Americans Are Starting to Feel the Economic Recovery

February 1, 2024

The index of American consumer sentiment about the economy rose to 78.8 points this January, its highest level since July 2021. The 28.5 percent gain over the past two months represents the greatest improvement in consumer sentiment since March 1991, and suggests that Americans are starting to feel like the economy is back on track. Policymakers must now stay the course and continue to deliver broad and sustained improvements in economic conditions in order to carry forward public opinion.

In November, policymakers expressed concern amid reports that most Americans have unfavorable views of their economic well-being despite a booming national economy and slowing inflation. The reports were misconstrued, suggesting that policymakers were out of tune with the electorate or that the economy hadn’t actually recovered.

But low levels of consumer sentiment were easily explained by the stickiness of recent economic conditions. The pandemic recession led to sustained negative economic conditions for about two years, and Americans needed time to recover after the conditions abated. Core inflation peaked at 6.6 percent in September 2022, reflecting broad price increases that have declined gradually since then—reaching 3.9 percent in December. From March 2022 until July 2023, the Federal Reserve undertook 11 interest rate hikes that raised rates by 5 percentage points, drastically increasing the cost of borrowing money on credit. Lastly, Americans have only experienced broad real wage growth since March 2023, when nominal wage growth outpaced inflation for every quartile of the wage distribution. This ended two years of purchasing power decline from real wage growth erosion.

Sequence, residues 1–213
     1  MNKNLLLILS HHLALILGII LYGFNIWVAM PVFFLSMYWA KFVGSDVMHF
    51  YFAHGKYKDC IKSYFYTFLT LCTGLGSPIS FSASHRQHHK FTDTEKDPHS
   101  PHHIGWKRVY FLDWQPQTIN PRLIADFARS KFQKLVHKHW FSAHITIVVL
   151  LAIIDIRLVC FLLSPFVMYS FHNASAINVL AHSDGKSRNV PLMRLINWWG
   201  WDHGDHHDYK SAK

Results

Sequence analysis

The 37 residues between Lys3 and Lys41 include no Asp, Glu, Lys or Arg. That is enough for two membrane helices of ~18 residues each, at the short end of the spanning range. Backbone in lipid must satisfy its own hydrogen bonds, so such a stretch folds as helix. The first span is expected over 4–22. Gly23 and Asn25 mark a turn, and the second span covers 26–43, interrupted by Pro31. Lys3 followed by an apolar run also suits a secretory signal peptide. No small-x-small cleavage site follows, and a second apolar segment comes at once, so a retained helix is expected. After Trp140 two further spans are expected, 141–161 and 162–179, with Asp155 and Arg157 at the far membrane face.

Americans’ economic sentiment is not a direct reflection of existing macroeconomic conditions. Rather, consumer sentiment tries to capture how Americans feel about the economy and where it’s headed. This means that in order for consumer sentiment to improve, Americans must experience economic conditions that both restore their economic well-being and instill optimism about future economic gains.

For example, five years after the global financial crisis struck in 2008, a Pew Research Center survey found that 63 percent of Americans saw the US economic system as no more secure than when the crisis struck. Similarly, economic sentiment for September 2013—when the Pew survey was conducted—was declining, and about 70 percent of Americans viewed the federal government as doing too little to help them. For most Americans, the sluggish recovery from the Great Recession did not lead to a significant improvement in economic well-being and instilled pessimism about the economy’s direction.

Conversely, American sentiment is on the rise just four years after the pandemic struck and less than two years after inflation peaked. At the core of this rise are the broad, marked improvements in the ability of households to thrive in the economy—the direct result of successful economic policies enacted after the pandemic, such as the American Rescue Plan. But for these policies, Americans would be expressing similar sentiments to those captured five years after the Great Recession.

Building on two consecutive months of consumer sentiment growth requires that policymakers continue to deliver improvements in economic conditions for Americans. While the lingering effects of the pandemic have receded, emerging economic challenges will continue to require policies that actively promote improvements in economic security. This means that the work of policymakers is not complete, and much effort is needed to sustain real wage growth and control consumer prices.